of good fill material. Two four-acre sites were identified and approved in
the Maybelle Tract, to be excavated to the depth of eight to twenty feet. Strong
protests against this plan were lodged by a delegation of 25 Maybelle property
owners at a hearing held by the Palo Alto Planning Commission. The residents
asserted that the project would damage their properties. The PAPC, anticipating
annexation of the area within a few years, joined the county planning commission
in a protest to the state.
On October 24, 1932, a delegation met with Governor Rolph in Sacramento to
present their protest against the state highway commission¹s plans for removing
earth for building materials from the Maybelle tract. The property owners were
represented by G.H. Gibbons, W.H. Sloan, and L. J. Traynor. Two planning commissioners
from each commission also attended, as well as the deputy city attorney. Immediately
after the meeting, it was announced that the state would probably not dig borrow
pits on Arastradero Road. The Governor "expressed himself as being against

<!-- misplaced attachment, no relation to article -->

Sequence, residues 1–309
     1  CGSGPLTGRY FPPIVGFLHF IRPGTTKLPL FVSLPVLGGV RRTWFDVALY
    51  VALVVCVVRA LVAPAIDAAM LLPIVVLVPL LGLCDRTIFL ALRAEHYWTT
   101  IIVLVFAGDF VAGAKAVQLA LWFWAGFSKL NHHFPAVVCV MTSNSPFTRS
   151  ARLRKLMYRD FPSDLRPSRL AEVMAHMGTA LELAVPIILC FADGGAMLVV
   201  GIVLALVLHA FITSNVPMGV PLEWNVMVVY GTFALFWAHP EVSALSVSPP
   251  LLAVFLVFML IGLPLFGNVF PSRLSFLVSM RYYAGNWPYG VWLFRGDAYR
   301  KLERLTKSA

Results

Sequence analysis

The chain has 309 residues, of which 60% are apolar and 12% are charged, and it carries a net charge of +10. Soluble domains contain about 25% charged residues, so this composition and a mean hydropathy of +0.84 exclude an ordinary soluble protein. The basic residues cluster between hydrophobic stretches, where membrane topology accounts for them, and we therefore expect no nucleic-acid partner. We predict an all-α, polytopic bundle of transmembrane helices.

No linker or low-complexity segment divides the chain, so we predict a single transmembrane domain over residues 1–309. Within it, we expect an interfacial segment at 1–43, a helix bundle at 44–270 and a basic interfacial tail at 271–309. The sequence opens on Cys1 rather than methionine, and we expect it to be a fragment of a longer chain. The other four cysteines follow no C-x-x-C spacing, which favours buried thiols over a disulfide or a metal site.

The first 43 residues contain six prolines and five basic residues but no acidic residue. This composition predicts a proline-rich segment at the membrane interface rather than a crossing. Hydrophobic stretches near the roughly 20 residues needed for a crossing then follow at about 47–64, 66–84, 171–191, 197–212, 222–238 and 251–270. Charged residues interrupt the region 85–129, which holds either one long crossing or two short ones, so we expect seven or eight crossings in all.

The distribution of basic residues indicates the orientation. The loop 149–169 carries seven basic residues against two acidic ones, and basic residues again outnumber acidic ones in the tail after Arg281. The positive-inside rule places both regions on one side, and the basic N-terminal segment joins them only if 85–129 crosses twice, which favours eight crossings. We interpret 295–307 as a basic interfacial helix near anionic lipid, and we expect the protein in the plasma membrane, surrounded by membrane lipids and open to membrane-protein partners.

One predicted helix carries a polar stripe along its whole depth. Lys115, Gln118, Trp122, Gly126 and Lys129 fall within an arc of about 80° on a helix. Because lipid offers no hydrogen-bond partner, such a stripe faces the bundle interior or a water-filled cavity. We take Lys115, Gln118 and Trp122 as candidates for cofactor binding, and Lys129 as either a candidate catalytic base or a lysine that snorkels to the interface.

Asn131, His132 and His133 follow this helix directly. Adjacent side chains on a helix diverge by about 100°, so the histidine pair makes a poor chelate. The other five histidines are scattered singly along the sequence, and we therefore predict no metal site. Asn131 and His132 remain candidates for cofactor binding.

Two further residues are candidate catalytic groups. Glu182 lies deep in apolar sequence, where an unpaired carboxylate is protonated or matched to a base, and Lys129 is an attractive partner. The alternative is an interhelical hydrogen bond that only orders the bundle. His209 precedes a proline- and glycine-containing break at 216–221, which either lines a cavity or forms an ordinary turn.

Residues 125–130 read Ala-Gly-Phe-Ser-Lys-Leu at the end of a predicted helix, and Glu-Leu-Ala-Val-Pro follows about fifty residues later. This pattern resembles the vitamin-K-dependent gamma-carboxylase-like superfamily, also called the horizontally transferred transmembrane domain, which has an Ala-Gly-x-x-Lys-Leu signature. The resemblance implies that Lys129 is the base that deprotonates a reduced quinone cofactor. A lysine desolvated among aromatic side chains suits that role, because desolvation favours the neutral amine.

doing anything which would damage property". The Director of the state
Public Works Department "promised to take no actionwithout first notifying
the local group and giving time for the filing of an injunction." Be that
as it may, the fact remains that a gigantic pit was dug, encompassing an entire
5-acre parcel that adjoined Maybell Avenue and including the area now occupied
by Maybell Way and the cul-de-sac from 634 to 639 Georgia (McLaughlin Glen
and McLaughlin Glen #2 tracts, platted in 1958 and 1959 respectively). The
pit was opposite the cul-de-sacs at the ends of Laguna Way and Manzana Lane,
and shows clearly (through shadowing) on the 1948 aerial photo. It appears
less clearly on the 1941 photo, when it may have been only partially excavated.
This protest by the Maybelle property owners has traditionally been considered
to be the beginnings of concerted community action in our neighborhood, with
the group being the direct ancestor of the Barron Park - Maybelle Improvement
The Barron Park - Maybelle Improvement Association
According to an article on Jack (John L.) Silvey, the "Unofficial
Mayor of Barron Park" that appeared in the Palo Alto Times in January,